Can You Invert Overlay Axles? | Caravans, Trailers & Campers
There are quite a few reasons why you may wish to flip your overlay axle, though almost all of them pertain to gaining height. In the past, Couplemate™ has had customers who wanted to invert their axle due to a clearance issue with mudguards. They thought that, by adding height to their caravan, their tyres would stop scrubbing against the mudguards.
This is correct in theory but poses the question of whether overlay axles should be inverted.
To begin, we will start with a brief explanation.
What is an Overlay Axle?
Put simply, an overlay axle will lower your trailer chassis closer to the ground. This is beneficial for boat trailers or horse floats, as a lower ground clearance improves access for boats and horses.
Couplemate™ Overlay Axles are made of Australian K1045, which is a medium-carbon steel. By welding a stub axle on top of a regular beam, trailer manufacturers/owners can lower the chassis height by a distance equal to the span between the centre of the beam and the centre of the stub axle (see drawing below).
For example, a 50mm stub and a 50mm beam will result in a 50mm drop.
When Couplemate™ manufactures an Overlay Axle, our production team prefer to use round stud axles as opposed to square stub axles. Because of the cavity between the stub and the beam, our team is able to achieve a stronger, cleaner weld by beginning at the crevice and layering 3-4 welds.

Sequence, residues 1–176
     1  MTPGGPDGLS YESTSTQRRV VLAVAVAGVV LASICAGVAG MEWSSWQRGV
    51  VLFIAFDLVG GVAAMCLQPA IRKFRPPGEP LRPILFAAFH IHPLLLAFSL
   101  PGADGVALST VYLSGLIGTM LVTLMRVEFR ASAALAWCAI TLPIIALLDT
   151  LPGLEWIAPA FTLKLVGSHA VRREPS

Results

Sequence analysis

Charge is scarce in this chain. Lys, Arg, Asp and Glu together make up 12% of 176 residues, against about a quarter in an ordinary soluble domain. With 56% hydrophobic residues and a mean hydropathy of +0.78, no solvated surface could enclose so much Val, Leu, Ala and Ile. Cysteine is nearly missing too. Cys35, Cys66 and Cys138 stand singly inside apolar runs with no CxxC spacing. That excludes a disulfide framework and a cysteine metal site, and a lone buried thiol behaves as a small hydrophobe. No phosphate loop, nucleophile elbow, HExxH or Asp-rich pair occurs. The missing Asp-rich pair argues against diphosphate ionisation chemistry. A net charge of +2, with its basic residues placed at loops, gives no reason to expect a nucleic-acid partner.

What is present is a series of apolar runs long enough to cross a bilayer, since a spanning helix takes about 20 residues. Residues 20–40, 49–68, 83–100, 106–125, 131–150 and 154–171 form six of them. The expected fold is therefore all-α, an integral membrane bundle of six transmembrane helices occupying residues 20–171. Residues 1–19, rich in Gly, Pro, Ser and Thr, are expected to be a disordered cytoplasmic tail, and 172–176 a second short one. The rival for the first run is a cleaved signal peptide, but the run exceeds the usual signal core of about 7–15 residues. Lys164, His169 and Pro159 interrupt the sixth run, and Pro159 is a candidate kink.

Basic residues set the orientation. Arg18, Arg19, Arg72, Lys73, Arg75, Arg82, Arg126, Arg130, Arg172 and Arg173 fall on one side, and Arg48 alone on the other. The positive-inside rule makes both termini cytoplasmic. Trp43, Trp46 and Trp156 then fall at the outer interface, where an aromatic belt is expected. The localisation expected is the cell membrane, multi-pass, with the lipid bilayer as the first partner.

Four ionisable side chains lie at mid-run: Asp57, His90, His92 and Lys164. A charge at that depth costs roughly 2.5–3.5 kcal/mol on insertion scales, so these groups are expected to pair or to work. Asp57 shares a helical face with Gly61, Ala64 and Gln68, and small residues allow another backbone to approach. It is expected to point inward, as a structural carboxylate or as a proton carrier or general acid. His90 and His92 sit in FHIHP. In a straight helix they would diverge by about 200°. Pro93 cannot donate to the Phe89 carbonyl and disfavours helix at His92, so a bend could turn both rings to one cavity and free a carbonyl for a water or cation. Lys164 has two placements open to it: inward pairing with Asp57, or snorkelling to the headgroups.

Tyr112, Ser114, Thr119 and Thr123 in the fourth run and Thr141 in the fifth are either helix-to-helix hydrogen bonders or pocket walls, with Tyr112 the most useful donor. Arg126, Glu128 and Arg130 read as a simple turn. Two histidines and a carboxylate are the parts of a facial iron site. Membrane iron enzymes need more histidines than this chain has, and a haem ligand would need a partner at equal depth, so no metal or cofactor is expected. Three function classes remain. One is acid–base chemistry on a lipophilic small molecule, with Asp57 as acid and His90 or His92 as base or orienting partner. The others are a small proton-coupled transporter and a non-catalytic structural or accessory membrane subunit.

Should You Invert an Overlay Axle?
Overlay axles have changed over the years, with different companies and brands manufacturing them differently.
Traditionally, Overlays had 5mm of camber across the beam; meaning that inverting this axle would have disastrous results. Couplemate™ manufacturers straight beam overlay axles, which would be far safer to invert than one with camber. Therein, it is difficult for Couplemate™ to recommend inverting overlay axles generally; as they’re not all manufactured the same.
There are a couple of features you can keep an eye out for, wherein we would highly recommended not inverting.
Do not invert if:
- Camber: Any camber other than zero is a safety issue
- Under-Slung: Axles located under spring are a safety issue, as damaged U-bolt can easily detach and cause your axle to become separated
- 1/2″ U-Bolts: Higher centre of gravity requires more clamping force to counteract the higher moving load forces.
- Thin Welds: Stub axle welds that are less than 50mm long.
- Hollow Beam: Core axle beam is made of hollow material, not solid.
- Missing Spacers: Axle spacers aren’t welded in between spring and axle.
If your current overlay does not meet these conditions, you may be able to invert the axle.
It’s important to note that inverting an overlay axle is more than just a simple flip job, there is additional work and welding involved. Furthermore, the driver of the trailer will need to adjust their driving habits, as inverting your axle will result in a the higher centre of gravity.
If you intend on flipping your axle, ensure that:
- Axle spacers are repositioned and welded to the axle.
- Park brakes are relocated.
- U-Bolts diameter is 16mm (5/8″) or more.
For more information on raising trailer or caravan suspension height, read our article: How to Raise Trailer Suspension.